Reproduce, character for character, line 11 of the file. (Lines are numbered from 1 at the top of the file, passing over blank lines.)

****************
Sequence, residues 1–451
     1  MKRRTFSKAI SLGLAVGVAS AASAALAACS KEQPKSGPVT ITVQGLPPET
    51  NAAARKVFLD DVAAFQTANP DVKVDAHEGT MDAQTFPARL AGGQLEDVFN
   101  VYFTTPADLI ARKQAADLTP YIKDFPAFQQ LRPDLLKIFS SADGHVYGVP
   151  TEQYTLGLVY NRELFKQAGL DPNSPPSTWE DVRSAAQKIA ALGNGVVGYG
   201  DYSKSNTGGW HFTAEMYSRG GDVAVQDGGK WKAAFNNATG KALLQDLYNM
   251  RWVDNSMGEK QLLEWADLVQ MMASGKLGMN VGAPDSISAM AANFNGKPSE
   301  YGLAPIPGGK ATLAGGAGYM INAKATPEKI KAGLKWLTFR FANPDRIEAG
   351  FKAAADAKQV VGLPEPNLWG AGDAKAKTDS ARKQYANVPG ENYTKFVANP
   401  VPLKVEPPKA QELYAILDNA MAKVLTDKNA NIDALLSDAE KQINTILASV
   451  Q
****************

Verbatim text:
   451  Q